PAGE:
Shockwave Rider By Brunner There are numerous books on the science fiction market, that deal with the myriad of possibilities involving the technology of the future. John Brunners book, “Shockwave Rider,” is one of the most popular, as well as one of the most famous, books dealing with this issue.
Brunner presents many different realities to the reader, and they are all potentially very realistic in terms of the current state of technology. For the most part, Brunner seems to illustrate that technology, as it relates to the world wide datanet, is a good thing. This is not to say that he does not illustrate it as a very negative reality in the world he presents to the reader, but he does indicate that the world wide datanet and technology has great potential to make the world a better place for all concerned.
In Brunners book we have a reality that is incredibly tense, and almost plausible today.The space that the author deals with is filled with endless bits of information (information overload to be more precise), corporate domination, and it appears, just like many science fiction books that deal with the planet earth in the future, everything is known about everyone. there are no secrets from the system. Brunner illustrates this as a reality that is not necessarily very desirable. He plants a character, Nickie Haflinger, onto the scene. As with many books we can look at this character and see the author within.Haflinger is a prodigy whose talents allow him to switch identities with a simple phone call. By the advanced technology and the ingenuity that is completely Haflingers, we see that the author is not one to be content with the realities that may be a possibility in the future of technology.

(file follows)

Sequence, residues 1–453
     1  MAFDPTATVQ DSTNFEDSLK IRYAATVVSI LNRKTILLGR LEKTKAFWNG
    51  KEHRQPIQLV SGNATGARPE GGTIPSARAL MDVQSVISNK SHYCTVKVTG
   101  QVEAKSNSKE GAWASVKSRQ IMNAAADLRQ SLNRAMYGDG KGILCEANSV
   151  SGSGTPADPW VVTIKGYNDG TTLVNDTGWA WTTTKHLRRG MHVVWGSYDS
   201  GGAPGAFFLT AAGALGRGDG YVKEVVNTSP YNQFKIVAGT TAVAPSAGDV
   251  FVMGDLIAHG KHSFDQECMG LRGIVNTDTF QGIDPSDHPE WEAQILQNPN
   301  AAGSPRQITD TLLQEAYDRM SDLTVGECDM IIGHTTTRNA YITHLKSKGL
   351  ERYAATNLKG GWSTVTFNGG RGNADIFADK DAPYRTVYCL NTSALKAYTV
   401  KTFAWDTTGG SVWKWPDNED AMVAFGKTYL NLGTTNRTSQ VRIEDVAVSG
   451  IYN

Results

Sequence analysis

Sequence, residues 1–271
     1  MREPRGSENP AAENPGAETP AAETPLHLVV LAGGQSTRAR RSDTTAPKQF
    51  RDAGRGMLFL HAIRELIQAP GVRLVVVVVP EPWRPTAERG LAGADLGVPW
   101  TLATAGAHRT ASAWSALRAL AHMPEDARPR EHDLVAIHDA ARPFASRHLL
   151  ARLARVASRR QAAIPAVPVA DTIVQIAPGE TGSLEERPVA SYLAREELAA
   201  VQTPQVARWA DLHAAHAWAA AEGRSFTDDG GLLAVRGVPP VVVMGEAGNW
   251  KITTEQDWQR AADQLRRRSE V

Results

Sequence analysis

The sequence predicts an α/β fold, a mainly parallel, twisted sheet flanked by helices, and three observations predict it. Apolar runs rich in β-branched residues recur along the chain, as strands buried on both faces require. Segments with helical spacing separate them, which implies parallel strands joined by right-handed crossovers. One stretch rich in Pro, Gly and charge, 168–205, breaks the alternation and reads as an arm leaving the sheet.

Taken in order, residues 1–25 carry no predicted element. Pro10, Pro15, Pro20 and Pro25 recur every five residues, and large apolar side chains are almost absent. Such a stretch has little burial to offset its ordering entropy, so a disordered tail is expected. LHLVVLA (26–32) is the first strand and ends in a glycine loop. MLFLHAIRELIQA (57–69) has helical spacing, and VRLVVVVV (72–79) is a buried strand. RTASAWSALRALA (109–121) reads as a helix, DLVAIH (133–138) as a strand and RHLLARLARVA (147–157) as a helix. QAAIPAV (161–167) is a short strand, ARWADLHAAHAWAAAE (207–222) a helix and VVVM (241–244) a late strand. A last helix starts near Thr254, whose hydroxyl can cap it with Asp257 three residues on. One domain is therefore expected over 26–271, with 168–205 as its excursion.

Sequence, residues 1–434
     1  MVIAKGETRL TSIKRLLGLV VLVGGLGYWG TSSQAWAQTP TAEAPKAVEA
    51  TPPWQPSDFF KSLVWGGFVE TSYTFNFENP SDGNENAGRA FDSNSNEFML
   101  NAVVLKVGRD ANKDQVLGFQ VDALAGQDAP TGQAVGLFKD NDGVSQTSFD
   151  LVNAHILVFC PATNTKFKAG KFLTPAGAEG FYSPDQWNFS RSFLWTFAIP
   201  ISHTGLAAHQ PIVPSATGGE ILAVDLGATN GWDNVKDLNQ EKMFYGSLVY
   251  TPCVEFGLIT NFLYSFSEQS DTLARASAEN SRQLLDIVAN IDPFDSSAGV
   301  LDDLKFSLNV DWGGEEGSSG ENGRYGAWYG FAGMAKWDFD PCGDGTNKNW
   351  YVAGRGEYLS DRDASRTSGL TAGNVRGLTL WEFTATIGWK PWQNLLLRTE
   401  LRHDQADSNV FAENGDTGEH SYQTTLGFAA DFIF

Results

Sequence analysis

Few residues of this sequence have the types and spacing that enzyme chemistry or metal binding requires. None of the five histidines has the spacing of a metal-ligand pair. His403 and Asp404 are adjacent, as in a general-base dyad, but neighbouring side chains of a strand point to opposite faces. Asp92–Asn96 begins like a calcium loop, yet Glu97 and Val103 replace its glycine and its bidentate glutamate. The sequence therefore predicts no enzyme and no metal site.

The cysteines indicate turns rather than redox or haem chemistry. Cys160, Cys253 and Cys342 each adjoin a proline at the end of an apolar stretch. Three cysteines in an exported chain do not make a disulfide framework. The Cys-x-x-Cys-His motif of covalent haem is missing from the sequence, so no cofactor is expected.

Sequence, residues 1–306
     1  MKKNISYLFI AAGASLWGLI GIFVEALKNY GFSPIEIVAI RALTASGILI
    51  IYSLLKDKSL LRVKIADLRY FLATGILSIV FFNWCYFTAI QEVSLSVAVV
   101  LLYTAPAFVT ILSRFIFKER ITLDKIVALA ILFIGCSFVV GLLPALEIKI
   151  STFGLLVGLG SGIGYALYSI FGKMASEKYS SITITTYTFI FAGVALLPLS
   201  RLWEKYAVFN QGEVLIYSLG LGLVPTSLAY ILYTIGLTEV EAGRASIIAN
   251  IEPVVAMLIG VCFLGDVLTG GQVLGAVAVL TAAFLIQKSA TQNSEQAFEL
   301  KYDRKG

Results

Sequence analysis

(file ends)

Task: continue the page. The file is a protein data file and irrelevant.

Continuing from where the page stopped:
Brunner clearly illustrates, by the previous description of Haflinger, that technology and the advances within that field, are incredibly beneficial, or they can be. but he is clearly unhappy with the way things have turned out due to the controlling nature of the governments. This is further illustrated in the fact that Brunners hero is a young man who is bent on changing the world.
He struggles to evade the officials and uses all skills available to him, whether inherent skills or technological ones, to the best of his ability, to put an end to the misuse of power that is so much a part of his world which involves the entity of the world wide datanet. Perhaps, one of the most insightful parts of the book comes in the first half, when Haflinger is experiencing flashbacks due to interrogations. It is in these sections that we see the inner mind of Brunner as he deflty illustrates the world and mind of Haflinger.
In this part we see many different ethical arguments arise between Haflinger and his interrogators. Not only does it seem as though Brunner is telling a fascinating story, but that he is attempting to enlighten people about the possibilities that may arise due to the growth of technology. He is clearly illustrating that this reality, although fictional, may well be close at hand. Who knows, but we may be able to access the Internet by telephone in just a few years. There seems to be no stopping this type of technology that is bent on bringing communication, and control along with it, to a level where anyone and everyone can become actively involved.These interrogations approach many difficult and intriguing questions. For example, if all the choices of a race are known, where does the freedom lie? Or if those choices, and their end result, can be easily assumed.
If a society is so intricately interconnected, almost to the point where there is no individuality whatsoever, what happens when one man or woman stands apart from the crowd? We know full well how such individuals have been treated in a society where we claim to embrace the unique and free minded individual. But to envision such an individual in a place and time when nearly everyone was essentially identical, brings the reader to a position where the truth of such a future is quite stifling and evident. Anyone with any sense would not like to exist in such a world. Brunner is clearly indicating that such a world wide datanet would not be desirable at all.